The ramps of GDDR6 memory says there will be new cards out soon. I'm hoping it will bring a bit of efficiency improvement to crunching. Even a 10% performance boost at 10% less power would be worth getting hid of my maxwell cards. NV has basically made a x70 card about equal to the the previous gen x80 card.

Keith Myers
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But you fail to realize that

But you fail to realize that GDDR6 is NOT specifically targeted at gpu cards.  It has multiple use cases.

Going Beyond GPUs With GDDR6

There are lots of other uses for GDDR6 and I can see that the new push for AI in automotive platforms is where the current production is going right now.  And GDDR6 is just started to ramp up, nowhere near normal production run capacity.

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mmonnin
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Are you referencing this

Are you referencing this quote in the article?

“one of [the] necessary memory solutions” for a diverse set of use cases, including artificial intelligence, virtual reality, self-driving cars and 4K displays."

Because those are applications using graphics cards and those are not not typical graphics cards are not using as much as a graphics card. G in GDDR is for graphics.

GDDR production requires specific timing to meeting the demands of graphics cards. Other types of applications can wait on production. All 3 major memory manufactures wouldn't be ramping production at the same time for other small uses of GDDR6.

Keith Myers
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What I meant was that it was

What I meant was that it was not targeted specifically at Consumer graphics cards.  Lots of specialized graphics products needed for enterprise, supercomputer, AI and automotive automated driving systems. 

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mmonnin
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As far as GDDR is concerned

As far as GDDR is concerned there is no difference whether it goes into consumer or professional products. The new NV chip is triggering the production ramp of a new GDDR memory. This will be the main reason for it's release. The article and thread is about NV's next gen product and that is the driver for GDDR6. Nothing else. Something else may end up using it but if there was no new GPU generation there would be no GDDR6 ramp.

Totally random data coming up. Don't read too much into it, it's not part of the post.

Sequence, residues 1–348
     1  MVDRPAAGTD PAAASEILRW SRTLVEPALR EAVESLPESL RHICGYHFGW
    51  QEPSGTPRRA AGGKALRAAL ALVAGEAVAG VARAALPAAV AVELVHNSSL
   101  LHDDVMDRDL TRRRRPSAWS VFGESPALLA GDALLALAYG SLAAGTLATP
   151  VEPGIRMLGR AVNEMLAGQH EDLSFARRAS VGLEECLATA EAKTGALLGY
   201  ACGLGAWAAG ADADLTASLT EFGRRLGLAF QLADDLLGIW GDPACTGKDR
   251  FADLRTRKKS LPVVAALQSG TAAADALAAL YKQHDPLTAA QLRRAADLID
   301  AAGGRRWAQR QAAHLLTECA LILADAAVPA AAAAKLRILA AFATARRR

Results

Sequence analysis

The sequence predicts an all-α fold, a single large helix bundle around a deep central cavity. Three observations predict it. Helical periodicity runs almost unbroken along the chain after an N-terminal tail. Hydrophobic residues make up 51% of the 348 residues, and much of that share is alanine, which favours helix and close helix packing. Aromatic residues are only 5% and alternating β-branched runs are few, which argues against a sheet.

Keith Myers
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You may have a point.  The

You may have a point.  The usual YT tech channels have been mostly saying to not expect any new GPUs this year.

An interesting financial analysis of Nvidia over at Seeking Alpha produced this snippet.

Quote:
Moreover, the images of what looks like an engineering sample for the GeForce GTX 1180 were leaked last week. An interesting point here is the fact that the card has a "dozen of Micron's (MU) GDDR6 memory modules installed," while this kind of memory is clearly not supported by any existing graphics card at the moment, as Micron only started mass-production of GDDR6 at the end of June. The new generation of memory aims to "improve the bandwidth capabilities of next-generation GPUs" across PCs and consoles.

Along with an image of the engineering sample of a supposed GTX 1180.

Engineering sample of GTX 1180

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Zalster
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Why would they need 4 fans on

Why would they need 4 fans on that card? Second, when has nvidia ever used 3-8 pin power connectors on a commercial GPU? The only one in recent memory was the KFA2 Geforce 1080Ti. Even the GTX 690 only used 2-8 pins.

Keith Myers
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Well notice the actual GPU

Well notice the actual GPU silicon is missing.  The fans appear to be solely used for cooling the VRM's.  I too wonder about the 3 8-pin power connectors?